Passage Hawaii to Vancouver - Day 9
19 July 2013
Well, I did it. I pulled a wool blanket over me as I slept last night. It felt so good; so cozy. Yes, suddenly it has turned cooler here at a latitude of 44 degrees north, particularly at night. Only yesterday I was sitting in the cockpit in the sunshine in bare feet, shorts and t-shirt. Last night it was 19 degrees in the cabin, which isn't really very cold, but seemed to warrant the added warmth of the wool blanket. The fresh North Pacific breeze drifts into the cabin through the companionway all night. It hardly seems possible that only a week ago we used an electric fan to keep us cool while we were sleeping. What a difference a few degrees of latitude can make!
It took me a while to dress for my night watch that starts at 1:00 a.m. Norm said it was cool up there in the cockpit so I layered up. Here's what I had on: Icebreaker merino wool t-shirt, ski turtleneck, Icebreaker merino wool hoodie sweatshirt, leggings, socks, shoes and my high latitude foul weather jacket. It took me a long time to put on all these clothes. I haven't worn the foul weather jacket in the three years since we left the Pacific Northwest. We've always been sailing in warm tropical weather, even in New Zealand. As I was heading up the companionway with my hot tea, Norm was already snuggled under the wool blanket on the sea berth that I had vacated only moments earlier. He said it was still warm under the blanket. He was smiling and looked very happy, ready to crash after his 6 hour night watch. I thought to myself; we are perfecting the ancient mariners' practice of "hot bunking." We do have a heater on Sarah Jean II. It's an Espar diesel heater but it hasn't worked for about two years. We haven't worried about it as we haven't needed it and the experts who can fix it are in Vancouver. No one in the South Pacific has a heater on their boat, not even in New Zealand. So that will be a project when we get home; to get the Espar heater fixed so we'll be comfortable sailing in the off cool season in the Vancouver area.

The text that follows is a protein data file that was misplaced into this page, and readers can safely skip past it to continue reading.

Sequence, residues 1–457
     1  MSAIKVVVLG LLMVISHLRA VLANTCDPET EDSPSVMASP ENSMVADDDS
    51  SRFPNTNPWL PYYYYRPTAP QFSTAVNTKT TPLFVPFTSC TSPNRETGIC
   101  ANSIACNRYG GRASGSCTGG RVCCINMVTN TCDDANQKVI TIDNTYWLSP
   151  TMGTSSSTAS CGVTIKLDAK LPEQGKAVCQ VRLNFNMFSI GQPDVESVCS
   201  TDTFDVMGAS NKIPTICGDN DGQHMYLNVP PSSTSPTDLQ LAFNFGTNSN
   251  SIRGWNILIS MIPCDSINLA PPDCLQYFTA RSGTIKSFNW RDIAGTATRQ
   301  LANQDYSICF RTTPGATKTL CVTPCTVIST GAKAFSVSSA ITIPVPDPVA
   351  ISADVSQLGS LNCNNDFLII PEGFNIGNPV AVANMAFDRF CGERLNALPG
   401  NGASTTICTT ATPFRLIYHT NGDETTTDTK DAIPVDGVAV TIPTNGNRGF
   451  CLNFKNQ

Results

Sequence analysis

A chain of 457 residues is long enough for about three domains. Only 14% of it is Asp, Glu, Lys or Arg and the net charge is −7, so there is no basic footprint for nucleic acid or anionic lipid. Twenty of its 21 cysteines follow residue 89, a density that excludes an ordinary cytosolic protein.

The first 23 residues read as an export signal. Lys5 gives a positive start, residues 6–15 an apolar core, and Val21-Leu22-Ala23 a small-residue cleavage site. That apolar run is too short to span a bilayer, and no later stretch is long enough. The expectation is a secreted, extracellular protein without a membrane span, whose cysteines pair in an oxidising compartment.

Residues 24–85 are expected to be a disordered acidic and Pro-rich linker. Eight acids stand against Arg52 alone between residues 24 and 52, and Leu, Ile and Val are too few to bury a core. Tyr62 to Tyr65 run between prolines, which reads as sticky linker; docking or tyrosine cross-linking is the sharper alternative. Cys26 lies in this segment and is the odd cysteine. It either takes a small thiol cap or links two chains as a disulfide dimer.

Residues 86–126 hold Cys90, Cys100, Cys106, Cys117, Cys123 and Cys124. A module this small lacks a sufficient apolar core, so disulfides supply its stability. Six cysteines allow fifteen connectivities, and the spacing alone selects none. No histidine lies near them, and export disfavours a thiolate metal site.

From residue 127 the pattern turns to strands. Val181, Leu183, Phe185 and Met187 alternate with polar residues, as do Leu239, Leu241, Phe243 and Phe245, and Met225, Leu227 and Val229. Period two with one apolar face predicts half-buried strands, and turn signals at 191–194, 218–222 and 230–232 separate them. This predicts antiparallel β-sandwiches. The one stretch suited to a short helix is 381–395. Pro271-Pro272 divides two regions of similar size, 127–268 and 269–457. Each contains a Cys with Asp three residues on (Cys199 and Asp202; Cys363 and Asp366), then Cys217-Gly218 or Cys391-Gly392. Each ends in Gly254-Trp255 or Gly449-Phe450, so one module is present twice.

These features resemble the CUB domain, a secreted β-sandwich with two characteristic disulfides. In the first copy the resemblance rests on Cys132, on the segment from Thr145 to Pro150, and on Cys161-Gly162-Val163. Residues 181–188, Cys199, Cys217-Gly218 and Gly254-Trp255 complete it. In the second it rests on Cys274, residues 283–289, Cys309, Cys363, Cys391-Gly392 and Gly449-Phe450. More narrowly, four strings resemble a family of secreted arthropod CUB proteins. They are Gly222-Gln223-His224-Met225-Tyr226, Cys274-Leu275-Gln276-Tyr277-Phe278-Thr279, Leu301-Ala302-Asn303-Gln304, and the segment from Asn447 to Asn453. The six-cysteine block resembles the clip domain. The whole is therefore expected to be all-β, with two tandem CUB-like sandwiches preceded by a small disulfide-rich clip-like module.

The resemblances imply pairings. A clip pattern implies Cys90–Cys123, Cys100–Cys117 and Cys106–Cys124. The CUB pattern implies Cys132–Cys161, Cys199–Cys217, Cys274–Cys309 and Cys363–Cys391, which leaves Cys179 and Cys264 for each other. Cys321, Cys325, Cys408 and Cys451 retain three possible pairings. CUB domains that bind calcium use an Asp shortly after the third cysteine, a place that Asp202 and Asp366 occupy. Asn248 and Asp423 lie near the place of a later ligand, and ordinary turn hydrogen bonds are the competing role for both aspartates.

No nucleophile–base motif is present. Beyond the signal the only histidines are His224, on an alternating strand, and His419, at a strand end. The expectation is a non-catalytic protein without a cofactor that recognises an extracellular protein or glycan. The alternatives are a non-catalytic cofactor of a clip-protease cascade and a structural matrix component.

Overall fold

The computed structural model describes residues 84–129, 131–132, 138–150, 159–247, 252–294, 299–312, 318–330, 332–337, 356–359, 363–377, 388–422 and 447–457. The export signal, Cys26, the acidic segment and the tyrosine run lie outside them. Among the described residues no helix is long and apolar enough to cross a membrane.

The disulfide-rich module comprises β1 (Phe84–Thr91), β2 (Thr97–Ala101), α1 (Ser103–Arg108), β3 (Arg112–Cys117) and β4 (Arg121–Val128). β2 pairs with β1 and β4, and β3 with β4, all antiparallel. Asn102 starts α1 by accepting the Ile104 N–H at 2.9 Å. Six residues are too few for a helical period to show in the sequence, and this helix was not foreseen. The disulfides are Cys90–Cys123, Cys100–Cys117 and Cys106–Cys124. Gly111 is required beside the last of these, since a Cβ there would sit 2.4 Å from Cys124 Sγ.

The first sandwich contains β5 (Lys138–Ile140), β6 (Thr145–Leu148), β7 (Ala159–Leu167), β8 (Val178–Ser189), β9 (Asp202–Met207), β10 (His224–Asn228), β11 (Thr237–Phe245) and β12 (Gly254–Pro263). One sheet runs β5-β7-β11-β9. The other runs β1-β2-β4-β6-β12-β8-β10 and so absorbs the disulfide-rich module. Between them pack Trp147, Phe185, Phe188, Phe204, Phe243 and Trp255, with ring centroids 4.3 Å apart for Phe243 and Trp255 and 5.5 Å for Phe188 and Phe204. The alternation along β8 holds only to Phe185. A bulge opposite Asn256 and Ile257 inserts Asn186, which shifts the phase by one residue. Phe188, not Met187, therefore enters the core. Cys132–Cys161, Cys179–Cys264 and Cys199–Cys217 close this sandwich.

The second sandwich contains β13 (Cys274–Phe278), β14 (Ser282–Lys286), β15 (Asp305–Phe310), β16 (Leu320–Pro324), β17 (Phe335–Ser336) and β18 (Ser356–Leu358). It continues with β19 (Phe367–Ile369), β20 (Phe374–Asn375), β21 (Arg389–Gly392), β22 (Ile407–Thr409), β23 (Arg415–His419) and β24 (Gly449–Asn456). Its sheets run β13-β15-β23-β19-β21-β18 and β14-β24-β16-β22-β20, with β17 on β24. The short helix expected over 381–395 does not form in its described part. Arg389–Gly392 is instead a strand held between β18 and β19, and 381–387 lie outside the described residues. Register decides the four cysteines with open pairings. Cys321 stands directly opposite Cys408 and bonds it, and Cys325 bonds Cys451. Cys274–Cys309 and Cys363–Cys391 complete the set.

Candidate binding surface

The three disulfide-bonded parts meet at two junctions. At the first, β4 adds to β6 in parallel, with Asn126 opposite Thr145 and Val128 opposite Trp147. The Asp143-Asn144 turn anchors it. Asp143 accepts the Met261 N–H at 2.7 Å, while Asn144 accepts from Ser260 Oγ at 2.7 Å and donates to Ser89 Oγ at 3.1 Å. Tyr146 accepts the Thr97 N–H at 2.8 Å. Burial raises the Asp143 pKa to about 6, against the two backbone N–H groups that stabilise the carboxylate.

The other interesting piece of information about my night watch, besides what I was wearing, is the freighter traffic at this latitude in the Pacific. We are definitely crossing a shipping lane to the Orient. In the past couple of days we must have seen over 15 big ships, displayed as AIS targets on our chartplotter. Their route is east/west. Some are headed to the US West Coast or Panama and others are headed to China and Japan. We see this from their AIS data. There is a steady stream of them. We haven't actually seen any of these ships with the naked eye. They are not close enough but we know they are there thanks to AIS (Automatic Identification System) which gives us their position and CPA; their Closest Point of Approach. There's never any danger of running into one or them into us. I wonder about the goods they are carrying? Maybe cars and computers from Japan? Coal, oil and wheat from the US?
In the wee hours of the morning, as dawn was breaking and my night watch was nearing an end, I spotted a lone albatross soaring gracefully over the waves. I didn't know until recently that there were albatross in the North Pacific. I thought they were only in the Southern Ocean. We did see some on our passage from NZ to Rarotonga but apparently they don't cross the equator and the albatross that inhabit in the North Pacific are a different species. I love watching these magnificent birds with their huge wing span skimming effortlessly over the wave tops. A treat for tonight's night watch may be a of cup hot chocolate and a fleece blanket for my lap!